One recurring feature request is the ability to see messages’ arguments. This isn’t currently possible because the simple plain-text logs produced by the monitor (which is a variation on the theme of dbus-monitor --profile) only includes the message header. I’ve thought for a while that the right thing to do would be to log the raw dbus messages, together with a timestamp, but wasn’t sure what the files would look like. (Maybe shove the timestamps into the message headers?) Rob had a nice idea: why not log to pcap files? This avoids inventing a new format—the UI would just use libpcap and feed each message through the dbus parser—and would also let you look at the logs in WireShark, if you’re into that kind of thing. I’m hoping to find some time to give this a shot soon. (Maybe on a cold Christmas evening, in front of a fire?)
In the meantime, have a peek at what your D-Bus-using applications are up to, and let me know what’s missing!
When working on Telepathy, I’ve often wanted to be see which D-Bus methods are being called on whom, when signals are emitted, and so on. Timing information is also handy: I’d like to figure out why cold-starting Empathy takes 12 seconds, and it’d be much easier if I could look at a diagram rather than staring at the unreadable output of dbus-monitor.
Previously, Alban wrote a tool that used a patched version of mscgen, and produced appropriate input with a dbus-monitor-like Python script. I wanted some more D-Bus-specific diagrams, and ended up reimplementing both the monitoring component (by forking dbus-monitor, as its --profile output did not contain quite enough information) and the diagram-drawing component (using Cairo). I’m happy to present an initial release of Bustle:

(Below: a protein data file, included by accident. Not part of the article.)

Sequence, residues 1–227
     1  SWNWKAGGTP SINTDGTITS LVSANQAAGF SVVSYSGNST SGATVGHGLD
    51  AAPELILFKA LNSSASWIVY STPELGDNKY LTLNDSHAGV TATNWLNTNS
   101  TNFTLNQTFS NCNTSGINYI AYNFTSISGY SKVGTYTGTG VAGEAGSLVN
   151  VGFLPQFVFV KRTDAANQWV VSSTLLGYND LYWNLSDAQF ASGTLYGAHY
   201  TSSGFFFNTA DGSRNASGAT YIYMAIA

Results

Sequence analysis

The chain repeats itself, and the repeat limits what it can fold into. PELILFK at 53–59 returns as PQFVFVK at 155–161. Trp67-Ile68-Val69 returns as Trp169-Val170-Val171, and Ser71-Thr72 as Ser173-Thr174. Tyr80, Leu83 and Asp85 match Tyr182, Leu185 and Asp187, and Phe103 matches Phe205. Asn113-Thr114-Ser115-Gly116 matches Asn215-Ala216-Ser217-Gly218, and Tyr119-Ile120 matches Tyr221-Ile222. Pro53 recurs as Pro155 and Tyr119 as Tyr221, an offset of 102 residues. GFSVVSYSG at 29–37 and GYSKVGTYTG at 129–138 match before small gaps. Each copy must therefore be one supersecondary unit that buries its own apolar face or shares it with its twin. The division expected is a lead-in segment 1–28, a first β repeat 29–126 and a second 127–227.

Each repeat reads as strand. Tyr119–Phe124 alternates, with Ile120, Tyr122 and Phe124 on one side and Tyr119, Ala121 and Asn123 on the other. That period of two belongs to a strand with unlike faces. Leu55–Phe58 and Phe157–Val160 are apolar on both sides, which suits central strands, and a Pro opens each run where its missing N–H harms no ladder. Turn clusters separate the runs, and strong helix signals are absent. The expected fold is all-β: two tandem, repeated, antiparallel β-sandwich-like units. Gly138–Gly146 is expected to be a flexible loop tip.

There’s a Telepathy-specific hack in the tool to shorten object paths, but it shouldn’t make the tool any less useful for looking at other D-Bus traffic.
I haven’t made binary packages yet, I’m afraid, so you’ll need to grab the source tarball and build it if you want to try it out. In Debian-land, the dependencies are libdbus-1-dev libglib2.0-dev libghc6-mtl-dev libghc6-cairo-dev libghc6-gtk-dev libghc6-parsec-dev; see README in the source tree for how to build and use it.
The astute among you may have noticed from the dependencies that the diagram-building component is implemented in Haskell, using the excellent bindings to Gtk+ and Cairo. I got a prototype going within a few hours, and the strong correctness guarantees that the type system provides meant that I could refactor it mercilessly with confidence. I’m sure that I would have spent many frustrating hours chasing type bugs had I written it in Python, which is a more conventional high-level language for prototyping and writing tools like this. Next time you’re frustrated by such bugs, you should give Haskell a try.
Edit: Bustle now lives at willthompson.co.uk/bustle.